In the lead-up to the Oct 22-29 WTA Finals Singapore presented by SC Global, the eight singles players from last year's edition will pen columns exclusively for The Straits Times. The monthly series begins with reigning champion Dominika Cibulkova.
The best thing about winning the WTA Finals? You get to finish off your season with one of the biggest titles in the sport.
The worst thing? Your season is over.
The WTA Finals was the biggest title of my career and I finished the season with my best year-end result so far, ranked in the top five. My confidence was sky high after lifting the beautiful trophy! I could have played five more tournaments after that - that's how excited I was.
So I don't know if it was good or bad that it was the last tournament of the year for me. On the one hand, it was good that I got a break. There were so many emotions and it was not easy to understand what happened that week, or how to deal with my emotions after the tournament.
On the other hand, it's a shame I didn't get to use all of that confidence and energy right away. After a three-week break, I got back to work, practised for seven weeks, and started again. I tried to keep that confidence from Singapore with me but you cannot lie to yourself: It's a new year, a different story.
I felt flat in Australia. I had never been in this situation before - of being a favourite, a top-five player. It was a little hard with all the pressure and all the media attention. I think that was why there were negative thoughts in my head. I wasn't really enjoying my time on the court, compared to last year when I was just enjoying everything.
People think you just have to learn how to deal with pressure and expectations on court, but that's wrong. You have to change your mind, in how you think about the whole day, not just matches.
I had ankle surgery in 2015 and missed nearly five months on Tour. When last season started, my ranking was quite low. No one was paying attention to me and I played with no pressure. I wanted to go out there and play my tennis, and if I lost, nothing happened. I was relaxed and the results began to come. I didn't expect it at all.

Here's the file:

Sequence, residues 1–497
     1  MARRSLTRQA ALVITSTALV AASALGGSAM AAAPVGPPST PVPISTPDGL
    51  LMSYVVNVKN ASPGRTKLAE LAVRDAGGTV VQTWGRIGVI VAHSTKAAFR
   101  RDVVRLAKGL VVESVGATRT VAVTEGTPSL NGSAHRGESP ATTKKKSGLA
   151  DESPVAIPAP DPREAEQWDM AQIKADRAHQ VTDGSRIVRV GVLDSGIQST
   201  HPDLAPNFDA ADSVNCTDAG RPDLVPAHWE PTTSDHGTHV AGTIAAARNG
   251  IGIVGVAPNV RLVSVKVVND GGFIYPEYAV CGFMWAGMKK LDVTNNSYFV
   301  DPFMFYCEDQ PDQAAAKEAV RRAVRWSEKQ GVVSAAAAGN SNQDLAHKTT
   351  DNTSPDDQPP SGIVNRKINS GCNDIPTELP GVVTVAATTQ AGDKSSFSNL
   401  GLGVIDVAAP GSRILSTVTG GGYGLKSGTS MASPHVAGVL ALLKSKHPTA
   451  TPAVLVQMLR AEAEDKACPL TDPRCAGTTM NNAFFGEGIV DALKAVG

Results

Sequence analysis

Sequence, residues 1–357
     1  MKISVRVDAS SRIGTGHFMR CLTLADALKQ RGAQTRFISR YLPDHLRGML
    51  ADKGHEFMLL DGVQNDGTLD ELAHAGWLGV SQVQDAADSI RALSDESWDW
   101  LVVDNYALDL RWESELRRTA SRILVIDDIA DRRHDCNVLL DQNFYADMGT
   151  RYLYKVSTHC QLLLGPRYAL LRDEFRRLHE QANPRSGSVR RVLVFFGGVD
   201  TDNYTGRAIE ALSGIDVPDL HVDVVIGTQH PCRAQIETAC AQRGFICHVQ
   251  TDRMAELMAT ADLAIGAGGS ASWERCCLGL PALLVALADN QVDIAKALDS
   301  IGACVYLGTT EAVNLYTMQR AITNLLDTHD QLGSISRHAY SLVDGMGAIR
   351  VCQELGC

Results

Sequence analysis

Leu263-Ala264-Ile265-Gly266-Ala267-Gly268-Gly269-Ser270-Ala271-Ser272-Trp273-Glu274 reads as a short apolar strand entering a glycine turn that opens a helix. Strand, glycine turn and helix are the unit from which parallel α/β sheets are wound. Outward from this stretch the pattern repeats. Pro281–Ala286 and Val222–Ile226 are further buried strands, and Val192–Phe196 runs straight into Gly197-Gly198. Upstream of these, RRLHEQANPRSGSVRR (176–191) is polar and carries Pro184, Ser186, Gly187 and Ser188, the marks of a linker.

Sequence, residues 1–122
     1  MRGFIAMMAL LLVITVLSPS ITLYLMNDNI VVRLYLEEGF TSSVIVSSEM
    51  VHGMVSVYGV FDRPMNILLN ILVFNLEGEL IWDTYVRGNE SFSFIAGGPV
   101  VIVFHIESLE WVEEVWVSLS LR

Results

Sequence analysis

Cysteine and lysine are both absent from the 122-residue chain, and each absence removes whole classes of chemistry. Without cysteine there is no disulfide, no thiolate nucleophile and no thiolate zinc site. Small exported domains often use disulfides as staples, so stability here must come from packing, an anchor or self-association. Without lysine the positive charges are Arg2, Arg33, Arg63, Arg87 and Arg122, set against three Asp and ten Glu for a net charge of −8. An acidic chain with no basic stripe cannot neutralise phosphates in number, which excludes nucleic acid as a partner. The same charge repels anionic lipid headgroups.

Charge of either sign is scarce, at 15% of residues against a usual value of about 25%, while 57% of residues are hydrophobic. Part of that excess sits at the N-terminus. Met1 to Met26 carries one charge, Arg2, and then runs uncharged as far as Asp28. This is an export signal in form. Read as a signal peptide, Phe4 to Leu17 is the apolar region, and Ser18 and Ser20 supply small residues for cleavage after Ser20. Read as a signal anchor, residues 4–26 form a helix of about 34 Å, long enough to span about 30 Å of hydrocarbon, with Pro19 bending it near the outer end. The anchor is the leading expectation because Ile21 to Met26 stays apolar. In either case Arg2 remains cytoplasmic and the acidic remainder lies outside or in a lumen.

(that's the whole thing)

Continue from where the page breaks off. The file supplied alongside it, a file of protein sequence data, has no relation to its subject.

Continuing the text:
This season, I felt like I had something to lose.
I didn't feel that good on the court. Of course, you can't feel happy all the time on the court, but if you handle the situation the right way - you're positive and you know that it's not the end of the world for you - then it's okay. This is what I'm trying to work on right now.
Dealing with pressure and nerves has always been a challenge for me throughout my career. I'm an intense player, a fighter, and I'm always pumped with energy, but sometimes I want something so badly and the nerves come, especially in the tight moments.
I started working with a mental coach two years ago and he has really helped me work through my emotions.
There are two types of pressure I can have - good pressure and bad pressure.
Last year, I had to win one of the last tournaments of the year in Linz to qualify for Singapore. For the first time in my life, I handled that pressure in a good way. I saw it as a challenge. If I do it, great. If not, it's ok. But I will put in 100 per cent to win this tournament and then I regret nothing.
But then there's the other way to see pressure. What happens if I lose? Everyone is going through this and everyone has to learn how to process it. When I think that way, I don't enjoy going on the court.
You're not enjoying the moment or that you're playing on a beautiful centre court. You step on court and all you can think is you don't want to lose in front of this big crowd of people who are watching you. How can you play good if you think like that?
Now I'm trying to turn negative pressure into positive pressure. That's what I'm working on with my mental coach. I asked him to come to the Qatar Total Open last month so we could work on it.
People think you just have to learn how to deal with pressure and expectations on court, but that's wrong.
You have to change your mind, in how you think about the whole day, not just matches. If you can do that, then you can manage how you'll be on the court. Ever since Doha, I've felt more like the old me.
The key is to keep things simple. I look forward to going to practice now and I tell myself, "Today I want to improve my serve" or "I want to improve my forehand". I make the goals smaller and then they become more manageable. If you look at the big picture, there's no chance. But with these smaller thoughts, you get to where you want.
A version of this article appeared in the print edition of The Straits Times on March 04, 2017, with the headline 'Staying positive key to handling pressure'. Print Edition | Subscribe
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